The LORD will comfort Israel again and have pity on her ruins. Her desert will blossom like Eden, her barren wilderness like the garden of the LORD. Joy and gladness will be found there. Songs of thanksgiving will fill the air. (Is 51.3)
“In the coming of Jesus to be the savior of the world, God is doing something new and constructive and lasting in our messy human scene, and everyone is invited. This joyful declaration and promise is that of ‘ecstatic praise.’” (P. Tim)
“The people of God, now from all nations, are so richly comforted and loved, it takes nothing less than the heavens, the earth, and the mountains to shout their hurrahs to God.” (R. Ortlund, Isaiah, God Saves Sinners)
“’Joy to the world!’ Anyone for whom this sound is foreign, or who hears in it nothing but weak enthusiasm, has not yet really heard the gospel. For the sake of humankind, Jesus Christ became a human being in a stable in Bethlehem: Rejoice, O Christendom! For sinners, Jesus Christ became a companion of tax collectors and prostitutes: Rejoice, O Christendom! For the condemned, Jesus Christ was condemned to the cross on Golgotha: Rejoice, O Christendom! For all of us, Jesus Christ was resurrected to life: Rejoice, O Christendom! …All over the world today people are asking: Where is the path to joy? The church of Christ answers loudly: Jesus is our joy! (1 Pet. 1:7–9). Joy to the world!” (D. Bonhoeffer, God Is in the Manger)
Shout for joy, you heavens rejoice, you earth; burst into song, you mountains! For the Lord comforts his people and will have compassion on his afflicted ones. (Is 49.13)
How did Zion receive such wonderful news? Their response… “But Zion said, ‘The LORD has forsaken me, the Lord has forgotten me’” (v. 14). In other words, “Meh… whatever…” (JIV translation – Jason’s Intergalactic Version). It’s mindboggling how apathetic we can be at times, even when God comes to us with such amazing news of comfort, deliverance, healing, salvation. Our hearts are dead and we just don’t care. People try to convince us that we should be encouraged, but our emotions are like dead weight that can’t be budged. Time passes by without mercy as we wallow in our lethargy, listlessness and despondency.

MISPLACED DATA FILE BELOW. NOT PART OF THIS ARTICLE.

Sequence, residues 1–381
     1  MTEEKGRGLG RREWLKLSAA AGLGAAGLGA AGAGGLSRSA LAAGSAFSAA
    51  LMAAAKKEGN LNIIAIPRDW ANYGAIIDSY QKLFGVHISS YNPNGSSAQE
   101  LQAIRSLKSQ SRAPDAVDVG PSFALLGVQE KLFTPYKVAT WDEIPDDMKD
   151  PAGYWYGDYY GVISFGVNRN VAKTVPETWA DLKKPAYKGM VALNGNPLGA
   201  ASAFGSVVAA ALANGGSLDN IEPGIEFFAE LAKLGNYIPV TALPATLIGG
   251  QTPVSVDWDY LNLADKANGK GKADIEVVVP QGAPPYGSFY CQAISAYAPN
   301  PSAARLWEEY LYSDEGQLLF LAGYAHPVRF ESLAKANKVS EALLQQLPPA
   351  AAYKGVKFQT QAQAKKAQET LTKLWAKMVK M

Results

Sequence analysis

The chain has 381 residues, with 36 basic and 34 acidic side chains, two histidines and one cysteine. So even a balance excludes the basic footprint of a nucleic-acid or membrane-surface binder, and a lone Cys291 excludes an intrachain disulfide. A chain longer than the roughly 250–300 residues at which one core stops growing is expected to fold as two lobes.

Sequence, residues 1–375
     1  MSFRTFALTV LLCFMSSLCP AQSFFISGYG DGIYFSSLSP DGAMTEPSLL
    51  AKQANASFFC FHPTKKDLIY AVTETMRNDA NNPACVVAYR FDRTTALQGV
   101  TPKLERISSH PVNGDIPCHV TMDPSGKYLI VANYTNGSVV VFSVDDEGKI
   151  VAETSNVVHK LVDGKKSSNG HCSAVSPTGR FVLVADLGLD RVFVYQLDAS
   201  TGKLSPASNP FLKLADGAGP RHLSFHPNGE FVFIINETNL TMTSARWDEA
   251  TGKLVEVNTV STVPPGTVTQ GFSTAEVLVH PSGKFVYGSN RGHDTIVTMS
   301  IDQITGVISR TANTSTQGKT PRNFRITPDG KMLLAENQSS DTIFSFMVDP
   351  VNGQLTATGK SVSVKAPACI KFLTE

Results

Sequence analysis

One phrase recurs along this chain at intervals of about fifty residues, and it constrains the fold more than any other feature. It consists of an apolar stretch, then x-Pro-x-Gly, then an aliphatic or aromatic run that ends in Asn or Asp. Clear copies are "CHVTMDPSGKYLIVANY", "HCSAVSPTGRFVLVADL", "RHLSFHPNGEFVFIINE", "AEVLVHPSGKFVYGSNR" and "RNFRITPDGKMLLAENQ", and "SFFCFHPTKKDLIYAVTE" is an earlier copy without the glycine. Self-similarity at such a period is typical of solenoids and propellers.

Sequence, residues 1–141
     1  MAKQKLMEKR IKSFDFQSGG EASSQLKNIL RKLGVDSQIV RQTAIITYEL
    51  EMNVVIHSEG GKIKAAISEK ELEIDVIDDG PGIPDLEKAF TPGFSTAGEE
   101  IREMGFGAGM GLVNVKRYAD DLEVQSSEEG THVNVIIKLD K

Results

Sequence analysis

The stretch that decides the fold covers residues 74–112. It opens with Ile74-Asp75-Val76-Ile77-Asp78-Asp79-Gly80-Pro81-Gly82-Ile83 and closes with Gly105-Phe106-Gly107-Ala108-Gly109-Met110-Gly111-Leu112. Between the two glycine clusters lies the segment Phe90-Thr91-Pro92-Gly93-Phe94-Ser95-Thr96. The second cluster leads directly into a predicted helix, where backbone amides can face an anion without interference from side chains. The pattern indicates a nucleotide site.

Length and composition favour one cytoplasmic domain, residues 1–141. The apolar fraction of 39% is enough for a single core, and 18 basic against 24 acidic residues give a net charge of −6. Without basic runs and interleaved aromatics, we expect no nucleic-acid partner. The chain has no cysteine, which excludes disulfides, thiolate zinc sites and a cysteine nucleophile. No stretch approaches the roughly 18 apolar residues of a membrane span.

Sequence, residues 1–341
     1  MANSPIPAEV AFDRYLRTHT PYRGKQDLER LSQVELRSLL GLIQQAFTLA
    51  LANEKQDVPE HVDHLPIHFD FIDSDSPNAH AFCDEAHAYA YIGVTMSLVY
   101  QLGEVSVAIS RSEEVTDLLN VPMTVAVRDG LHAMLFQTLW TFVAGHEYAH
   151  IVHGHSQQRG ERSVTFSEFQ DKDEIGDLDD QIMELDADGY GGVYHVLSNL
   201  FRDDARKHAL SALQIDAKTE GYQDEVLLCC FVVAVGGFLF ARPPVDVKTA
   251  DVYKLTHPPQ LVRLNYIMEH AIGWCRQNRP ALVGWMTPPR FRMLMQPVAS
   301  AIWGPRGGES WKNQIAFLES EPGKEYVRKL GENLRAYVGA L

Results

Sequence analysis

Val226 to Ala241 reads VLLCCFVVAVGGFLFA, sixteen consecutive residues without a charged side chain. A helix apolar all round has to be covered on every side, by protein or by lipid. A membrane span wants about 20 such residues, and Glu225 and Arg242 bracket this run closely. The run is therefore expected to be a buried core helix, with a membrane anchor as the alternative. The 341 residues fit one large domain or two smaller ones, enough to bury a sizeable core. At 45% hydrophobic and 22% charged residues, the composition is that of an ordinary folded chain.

“Perhaps my own (our own?) habitual torpor might be healed this season; perhaps, at the appearance of the Word and with the faithful assistance of those who love us, this nagging sense of futility and of powerlessness might be replaced with the faith to rise up, the strength to lift our beds, the willingness to walk. And perhaps Isaiah’s words propose as well that the barren desert of human generation will also bloom, and bring to lush fullness the desiccated hearts of humankind. Let us pray that, thereafter, we may become fonts of his love and mercy, that we too may become wells of living water, refreshing those around us…” (S. Cairns, in God With Us)
“The eyes of the blind shall be opened,
and the ears of the deaf unstopped;
then shall the lame man leap like a hart,
and the tongue of the dumb sing for joy.” (Isa. 35.5-6)
“The mystery of God’s activity in the world is that the tiny signs of faithfulness and love and mercy and hope, the tiny signs enacted by the Christian community, are the pointers to the glory that will come when the Lord takes his power to himself. This is not the way I would have done it; it is not the way you would have done it. No wonder we take offense. You and I would have made it obvious, so that it would have stunned everybody and made argument and questioning irrelevant. But the glory of Lebanon [cf. Is 35.1-2]… is secreted for the time being in the small deeds and the little prayers of the church of God…